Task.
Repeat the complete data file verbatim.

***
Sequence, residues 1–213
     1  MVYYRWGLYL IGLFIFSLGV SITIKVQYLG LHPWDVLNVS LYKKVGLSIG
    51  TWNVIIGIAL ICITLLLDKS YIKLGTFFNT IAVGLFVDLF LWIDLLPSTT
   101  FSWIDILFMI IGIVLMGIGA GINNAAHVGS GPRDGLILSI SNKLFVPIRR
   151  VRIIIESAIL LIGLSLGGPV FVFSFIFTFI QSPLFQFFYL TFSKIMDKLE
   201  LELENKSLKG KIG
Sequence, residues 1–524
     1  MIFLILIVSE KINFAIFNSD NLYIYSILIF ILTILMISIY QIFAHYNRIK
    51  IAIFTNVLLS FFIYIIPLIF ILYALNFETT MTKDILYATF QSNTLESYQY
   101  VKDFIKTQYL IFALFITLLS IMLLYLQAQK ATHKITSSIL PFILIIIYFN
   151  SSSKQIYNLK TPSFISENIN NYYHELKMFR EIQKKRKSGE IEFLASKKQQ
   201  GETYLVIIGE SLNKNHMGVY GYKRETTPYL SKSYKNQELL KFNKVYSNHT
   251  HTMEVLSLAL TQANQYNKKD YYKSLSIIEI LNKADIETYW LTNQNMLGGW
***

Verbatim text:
Sequence, residues 1–213
     1  MVYYRWGLYL IGLFIFSLGV SITIKVQYLG LHPWDVLNVS LYKKVGLSIG
    51  TWNVIIGIAL ICITLLLDKS YIKLGTFFNT IAVGLFVDLF LWIDLLPSTT
   101  FSWIDILFMI IGIVLMGIGA GINNAAHVGS GPRDGLILSI SNKLFVPIRR
   151  VRIIIESAIL LIGLSLGGPV FVFSFIFTFI QSPLFQFFYL TFSKIMDKLE
   201  LELENKSLKG KIG
Sequence, residues 1–524
     1  MIFLILIVSE KINFAIFNSD NLYIYSILIF ILTILMISIY QIFAHYNRIK
    51  IAIFTNVLLS FFIYIIPLIF ILYALNFETT MTKDILYATF QSNTLESYQY
   101  VKDFIKTQYL IFALFITLLS IMLLYLQAQK ATHKITSSIL PFILIIIYFN
   151  SSSKQIYNLK TPSFISENIN NYYHELKMFR EIQKKRKSGE IEFLASKKQQ
   201  GETYLVIIGE SLNKNHMGVY GYKRETTPYL SKSYKNQELL KFNKVYSNHT
   251  HTMEVLSLAL TQANQYNKKD YYKSLSIIEI LNKADIETYW LTNQNMLGGW